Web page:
Coronavirus considered ‘low-risk’ for public, despite confirmation of virus in Washington state
SNOHOMISH CO., Wash. — State and federal health officials said the risk of the public contracting Wuhan coronavirus is low, despite a newly confirmed case in Washington state.
A Snohomish County man in his 30s tested positive for the virus after traveling to China. The man arrived at Seattle-Tacoma International Airport on January 15 and sought medical care for symptoms on January 19.
Due to the patient’s symptoms and recent travel, doctors had reason to believe the diagnosis was Wuhan coronavirus. Tests were then sent to the CDC in Atlanta and were confirmed to be positive on Monday.
Dr. Jay Cook, Chief Medical Officer at Providence Regional Medical Center in Everett, said the patient is being treated there and is in satisfactory condition. The patient is expected to be held for another 48 hours before potentially being released.
Health officials said during a press conference on Tuesday that the risk of human-to-human transmission of the virus is relatively low. The patient has been placed in isolation and the public should not be worried about contracting the disease.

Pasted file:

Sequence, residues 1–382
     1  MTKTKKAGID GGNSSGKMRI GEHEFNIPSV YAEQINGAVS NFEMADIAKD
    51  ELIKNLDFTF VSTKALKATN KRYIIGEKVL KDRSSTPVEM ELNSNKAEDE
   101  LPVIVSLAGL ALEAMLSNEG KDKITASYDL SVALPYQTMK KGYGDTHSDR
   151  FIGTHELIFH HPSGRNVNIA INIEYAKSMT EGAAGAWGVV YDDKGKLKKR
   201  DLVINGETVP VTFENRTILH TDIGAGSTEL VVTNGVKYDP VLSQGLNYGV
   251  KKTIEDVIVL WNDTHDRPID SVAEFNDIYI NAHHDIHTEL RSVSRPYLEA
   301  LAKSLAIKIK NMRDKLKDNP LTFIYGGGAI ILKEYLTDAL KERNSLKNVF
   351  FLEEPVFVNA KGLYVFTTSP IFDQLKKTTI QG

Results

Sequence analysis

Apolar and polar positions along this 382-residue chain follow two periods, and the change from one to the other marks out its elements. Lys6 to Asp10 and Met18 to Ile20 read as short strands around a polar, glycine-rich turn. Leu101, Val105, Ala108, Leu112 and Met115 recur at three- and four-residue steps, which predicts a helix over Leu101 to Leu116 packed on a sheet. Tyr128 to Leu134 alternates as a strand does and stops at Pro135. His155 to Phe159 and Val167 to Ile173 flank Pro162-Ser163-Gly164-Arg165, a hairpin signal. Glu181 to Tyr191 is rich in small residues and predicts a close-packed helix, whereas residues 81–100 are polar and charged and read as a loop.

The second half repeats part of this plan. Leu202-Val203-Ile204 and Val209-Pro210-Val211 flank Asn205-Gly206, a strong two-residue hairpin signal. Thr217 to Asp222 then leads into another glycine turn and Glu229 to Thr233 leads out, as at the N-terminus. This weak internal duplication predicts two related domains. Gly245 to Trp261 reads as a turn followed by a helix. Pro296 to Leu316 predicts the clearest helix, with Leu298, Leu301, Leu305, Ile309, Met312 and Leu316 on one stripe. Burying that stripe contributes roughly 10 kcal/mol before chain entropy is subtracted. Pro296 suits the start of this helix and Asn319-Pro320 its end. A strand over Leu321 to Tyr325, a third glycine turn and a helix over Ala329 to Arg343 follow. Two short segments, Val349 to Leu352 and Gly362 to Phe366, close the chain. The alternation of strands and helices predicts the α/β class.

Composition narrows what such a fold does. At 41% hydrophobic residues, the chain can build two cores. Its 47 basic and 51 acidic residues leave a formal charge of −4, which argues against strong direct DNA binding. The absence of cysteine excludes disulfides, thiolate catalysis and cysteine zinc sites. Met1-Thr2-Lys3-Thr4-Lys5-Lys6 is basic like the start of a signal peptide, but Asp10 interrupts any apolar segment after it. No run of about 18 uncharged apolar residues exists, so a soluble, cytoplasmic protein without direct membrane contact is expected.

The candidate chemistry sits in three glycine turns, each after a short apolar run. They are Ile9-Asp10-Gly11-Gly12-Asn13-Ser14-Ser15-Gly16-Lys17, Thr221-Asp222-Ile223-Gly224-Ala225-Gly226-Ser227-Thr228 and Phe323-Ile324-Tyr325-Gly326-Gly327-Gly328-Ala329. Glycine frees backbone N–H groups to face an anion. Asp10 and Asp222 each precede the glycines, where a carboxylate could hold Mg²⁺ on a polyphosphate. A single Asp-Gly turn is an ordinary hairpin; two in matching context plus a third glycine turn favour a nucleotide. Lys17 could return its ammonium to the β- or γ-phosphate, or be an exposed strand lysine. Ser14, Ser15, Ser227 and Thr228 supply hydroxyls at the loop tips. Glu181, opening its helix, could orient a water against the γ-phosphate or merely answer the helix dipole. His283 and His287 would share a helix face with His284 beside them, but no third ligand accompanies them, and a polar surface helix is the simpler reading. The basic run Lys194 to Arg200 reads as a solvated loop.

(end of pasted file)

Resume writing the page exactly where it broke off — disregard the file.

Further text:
That said, authorities are working to get in touch with anyone who may have come into contact with the patient during his travel.
Last week, health screenings were put in place for people traveling between Wuhan and the United States. People traveling to and from Wuhan must now travel through and be screened at John F. Kennedy International Airport in New York, Los Angeles International Airport, San Francisco International Airport, Hartson-Jackson Atlanta International and Chicago O’Hare International Airport.
Health officials said the outbreak began in late December at an animal market in Wuhan. Health officials still do not know much about the novel virus, but the CDC has activated its emergency response system as a result.
“We continue to learn more every day. As you’ve heard, this is something that we consider to be of low risk to the public, but we want to be vigilant,” said CDC Dr. Satish Pillai.
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